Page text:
We clicked and, as both new kids on the block, we soon made plans to share accommodation. John had found a terrace house very close to the centre of Colchester and he invited me to join him there. I jumped at the offer. We stayed in that chilly house through the winter with space heaters on full but it was very much a warm home.
Because there were four bedrooms, we rented the other two rooms out to various people. Our our only criteria was that they were gay, funny and/or fun.
The first housemate to join us who met our strict criteria was a newly hired Russian History professor at Essex, Steve Smith, a gentle and unpretentious soul who didn’t stay out at the pub as long as we did but, despite that, was a wonderful asset to our group with his humour and good sense.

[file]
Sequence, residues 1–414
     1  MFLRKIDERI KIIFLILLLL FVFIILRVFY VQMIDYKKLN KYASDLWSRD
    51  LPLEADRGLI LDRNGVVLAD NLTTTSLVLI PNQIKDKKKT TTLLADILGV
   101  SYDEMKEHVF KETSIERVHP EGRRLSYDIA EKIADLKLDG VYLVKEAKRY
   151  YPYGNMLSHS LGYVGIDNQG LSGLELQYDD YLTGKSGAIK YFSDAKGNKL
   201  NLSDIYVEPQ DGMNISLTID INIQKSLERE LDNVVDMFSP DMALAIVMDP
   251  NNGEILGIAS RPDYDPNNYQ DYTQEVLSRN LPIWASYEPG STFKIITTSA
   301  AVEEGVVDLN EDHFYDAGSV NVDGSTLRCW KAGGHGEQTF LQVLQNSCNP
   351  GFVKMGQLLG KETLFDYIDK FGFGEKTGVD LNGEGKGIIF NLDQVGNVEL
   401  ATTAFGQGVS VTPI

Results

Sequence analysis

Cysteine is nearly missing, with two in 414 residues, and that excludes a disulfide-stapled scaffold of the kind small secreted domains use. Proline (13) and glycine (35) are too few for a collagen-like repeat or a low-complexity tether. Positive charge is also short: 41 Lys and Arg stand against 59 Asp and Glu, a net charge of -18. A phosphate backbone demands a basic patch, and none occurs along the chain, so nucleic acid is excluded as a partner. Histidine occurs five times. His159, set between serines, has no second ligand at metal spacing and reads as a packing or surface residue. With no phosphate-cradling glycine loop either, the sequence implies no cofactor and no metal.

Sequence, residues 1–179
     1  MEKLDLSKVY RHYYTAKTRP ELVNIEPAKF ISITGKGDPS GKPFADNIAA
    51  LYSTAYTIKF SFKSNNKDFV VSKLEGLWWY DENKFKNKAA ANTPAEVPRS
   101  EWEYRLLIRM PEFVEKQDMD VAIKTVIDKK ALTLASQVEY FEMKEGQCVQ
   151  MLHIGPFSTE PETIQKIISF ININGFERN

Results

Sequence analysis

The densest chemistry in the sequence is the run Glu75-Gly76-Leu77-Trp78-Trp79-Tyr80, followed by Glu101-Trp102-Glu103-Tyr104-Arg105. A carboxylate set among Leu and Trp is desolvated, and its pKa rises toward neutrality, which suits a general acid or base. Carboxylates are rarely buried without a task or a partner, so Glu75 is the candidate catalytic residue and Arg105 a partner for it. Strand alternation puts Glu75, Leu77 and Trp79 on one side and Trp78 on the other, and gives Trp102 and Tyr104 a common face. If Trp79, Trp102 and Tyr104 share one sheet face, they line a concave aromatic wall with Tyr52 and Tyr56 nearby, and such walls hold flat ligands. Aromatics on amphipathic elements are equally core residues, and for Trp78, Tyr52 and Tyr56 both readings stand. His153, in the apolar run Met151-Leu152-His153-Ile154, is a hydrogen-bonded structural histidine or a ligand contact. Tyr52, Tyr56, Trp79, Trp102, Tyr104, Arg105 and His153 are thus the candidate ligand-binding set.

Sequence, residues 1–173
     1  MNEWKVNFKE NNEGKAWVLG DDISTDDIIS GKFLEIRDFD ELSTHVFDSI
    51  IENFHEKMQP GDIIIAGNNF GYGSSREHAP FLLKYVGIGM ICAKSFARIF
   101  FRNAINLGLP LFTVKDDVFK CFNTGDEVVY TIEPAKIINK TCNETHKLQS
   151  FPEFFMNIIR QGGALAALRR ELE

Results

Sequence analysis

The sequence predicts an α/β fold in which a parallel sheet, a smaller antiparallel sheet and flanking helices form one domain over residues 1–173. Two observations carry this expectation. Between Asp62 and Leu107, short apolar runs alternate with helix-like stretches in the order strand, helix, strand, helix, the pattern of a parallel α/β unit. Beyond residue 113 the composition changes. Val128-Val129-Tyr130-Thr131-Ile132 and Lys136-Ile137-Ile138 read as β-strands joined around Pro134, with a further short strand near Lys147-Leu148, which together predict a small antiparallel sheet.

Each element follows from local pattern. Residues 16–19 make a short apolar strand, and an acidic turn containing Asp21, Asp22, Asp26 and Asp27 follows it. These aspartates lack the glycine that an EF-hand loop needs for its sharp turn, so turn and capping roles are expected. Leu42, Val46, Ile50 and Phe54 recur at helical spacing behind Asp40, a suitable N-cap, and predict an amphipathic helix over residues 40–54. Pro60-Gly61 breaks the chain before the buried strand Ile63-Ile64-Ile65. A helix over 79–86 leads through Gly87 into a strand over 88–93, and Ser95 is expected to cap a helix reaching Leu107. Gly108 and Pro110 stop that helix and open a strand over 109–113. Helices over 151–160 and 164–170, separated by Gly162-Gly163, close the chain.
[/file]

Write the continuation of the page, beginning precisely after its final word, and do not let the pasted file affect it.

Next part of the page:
Then there was our supervisor – Ken. Things had been going up and down for him at this particular time of his life. Because he wanted some peace and quiet to sort things out, he moved in with us for a few months. The idea of a lecturer/professor sharing accommodation with his graduate students might be seen somewhat differently today but, at that time, we saw it as new friends helping each other out.
When we were all at home, we didn’t talk sociology all that much. More often it was taking bets on when Elton John would move on from being bisexual to officially coming out, along with undertaking an in depth analysis of the latest David Bowie and ABBA numbers.